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Making Money and Pensions Equal or, “A man is not a financial plan”

Earlier this week, we hosted a roundtable with industry leaders, policymakers and social influencers to debate how to help women achieve equality with men in their savings and investment outcomes. We were very excited to have as our guest speaker Anne Boden (CEO of Starling Bank) who spoke eloquently about her own journey towards setting up Starling, and her campaign #MakeMoneyEqual. The ABI Boardroom has rarely had this many senior women round the table!

Research on gender inequality in savings    outcomes makes for uncomfortable reading. On average, women say they have saved £64,000 over their lifetime, significantly less than men’s £125,000. As we know from the mandatory disclosures this year, women are facing a stark gender pay gap and are over-represented among low earners. And they don’t tend to fight for a fair share of their partner’s pension saving on divorce either.

So what is driving these outcomes, and how do we get to a better place? It is a very complex issue with some deep-seated cultural factors.

Blatant linguistic bias in popular culture

The #MakeMoneyEqual campaign highlights how lifestyle magazines for men and women adopt a different tone when writing about money. Women ‘splurge on shoes’, men ‘invest in suits’. Research informing the campaign shows that much money-related content in women’s magazines patronises women, treating them as micro savers, interested primarily in ‘discounts and bargains’, anxiety-riven, and having to provide for the family.

In contrast, money content in men’s magazines is upbeat, but worryingly associates money with peer pressure, goading men to take greater risks, and using flamboyant images (yachts and sports cars) to convey monied status as a masculine ideal. It also gives tips about how to prepare for divorce.

No wonder then that analysis by the Pensions Advisory Service shows that “sorry” is the most prevalent word when women call the service.

The law

We should also not underestimate the long shadow cast by the law. Women have had the right to vote for 100 years, but it was only in 1990 that independent taxation was introduced, assessing married couples as separate persons for income tax and capital gains tax. Before 1990, a wife’s income was added to her husband’s on his tax return(!).

Worse still, until 1950, the definition of incapacitated person for purposes of income tax was “any infant, married woman, lunatic, idiot or insane person.”

So our starting point for culture change is not great. But there is hope.

Asset ownership is key

A key factor is auto-enrolment into workplace pensions. Not only did it double the percentage of women in the private sector with a workplace pension in a matter of four years, it is also a building block to help women take control of their own financial destiny.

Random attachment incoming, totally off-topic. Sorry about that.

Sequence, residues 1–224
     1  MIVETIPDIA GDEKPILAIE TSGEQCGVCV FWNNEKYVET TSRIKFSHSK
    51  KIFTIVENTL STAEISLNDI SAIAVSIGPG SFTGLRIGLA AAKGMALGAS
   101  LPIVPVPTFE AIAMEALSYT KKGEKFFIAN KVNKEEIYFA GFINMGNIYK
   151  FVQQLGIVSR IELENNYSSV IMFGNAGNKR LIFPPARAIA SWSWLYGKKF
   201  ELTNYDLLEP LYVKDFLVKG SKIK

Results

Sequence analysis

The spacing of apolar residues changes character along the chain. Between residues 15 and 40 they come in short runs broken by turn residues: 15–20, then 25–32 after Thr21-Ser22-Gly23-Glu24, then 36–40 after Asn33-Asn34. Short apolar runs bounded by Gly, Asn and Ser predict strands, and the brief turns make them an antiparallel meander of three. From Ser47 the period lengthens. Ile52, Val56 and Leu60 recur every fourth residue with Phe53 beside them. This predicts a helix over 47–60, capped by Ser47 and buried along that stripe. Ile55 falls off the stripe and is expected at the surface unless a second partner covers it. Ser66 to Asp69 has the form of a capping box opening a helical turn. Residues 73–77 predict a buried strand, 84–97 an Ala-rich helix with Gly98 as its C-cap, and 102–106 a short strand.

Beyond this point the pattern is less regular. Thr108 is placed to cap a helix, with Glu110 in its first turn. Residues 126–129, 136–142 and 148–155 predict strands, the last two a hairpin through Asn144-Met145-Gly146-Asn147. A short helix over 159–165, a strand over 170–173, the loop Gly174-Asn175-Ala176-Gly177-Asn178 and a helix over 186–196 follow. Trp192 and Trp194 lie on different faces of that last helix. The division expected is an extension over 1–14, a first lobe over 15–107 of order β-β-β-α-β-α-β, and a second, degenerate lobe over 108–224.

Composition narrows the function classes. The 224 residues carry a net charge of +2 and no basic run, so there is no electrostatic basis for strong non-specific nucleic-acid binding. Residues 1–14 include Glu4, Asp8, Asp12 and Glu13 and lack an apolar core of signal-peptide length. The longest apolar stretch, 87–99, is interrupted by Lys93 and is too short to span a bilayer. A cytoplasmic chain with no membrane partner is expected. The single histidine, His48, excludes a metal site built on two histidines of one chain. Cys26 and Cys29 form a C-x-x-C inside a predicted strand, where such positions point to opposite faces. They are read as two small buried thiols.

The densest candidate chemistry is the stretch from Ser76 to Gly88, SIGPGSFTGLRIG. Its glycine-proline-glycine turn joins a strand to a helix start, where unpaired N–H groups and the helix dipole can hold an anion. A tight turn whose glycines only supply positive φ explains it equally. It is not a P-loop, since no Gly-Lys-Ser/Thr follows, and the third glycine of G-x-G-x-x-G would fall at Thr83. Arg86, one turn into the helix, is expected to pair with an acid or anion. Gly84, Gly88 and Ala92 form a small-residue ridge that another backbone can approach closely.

Asset ownership is empowering and already beginning to change behaviour: NEST’s excellent report “How the UK Saves” shows that, having controlled for earnings, women tend to be better retirement savers than men in all income cohorts but the highest earners. This is really encouraging given NEST represents nearly 6.5 million members.

Financially fabulous

Things are also looking up in terms of changing the popular narrative and with it, attitudes. Last month, Hearst UK, publisher of Good Housekeeping, Cosmopolitan, House Beautiful and Red, launched a new consumer facing campaign, Financially Fabulous. This initiative will offer regular financial content on-line and in print across Hearst’s UK brands, as well as books, guides and vlogs, all with the ambition to empower women to feel confident about their finances. This has the potential to make a huge difference to how many women feel about money and investments.

Intervention points

Our debate also identified points in women’s lives where financial ‘cheat sheets’ could help women save for and protect their future. In particular, what should they consider financially when taking maternity leave or a caring break, and in the event of divorce. As a prominent consumer campaigner once said, “a man is not a financial plan”!

Not many women are aware that their partner can pay into their pension while they are on maternity leave or are taking a caring break. And only 9% of married people say they want a fair share of their partner’s pension if they get divorced (but 13% are concerned about losing a pet!). The Money Advice Service’s material on the subject is excellent but we need it to reach a much wider audience to help change behaviour.

There is more that the industry can do to help and make sure these issues are better understood, and we at the ABI are considering where we can add most value. It is in the industry’s enlightened self-interest to help the other half of the population to become more confident about money issues, and I look forward to working with the sector, policymakers and opinion formers to create an environment in which women can truly own their futures.

Last updated 05/07/2018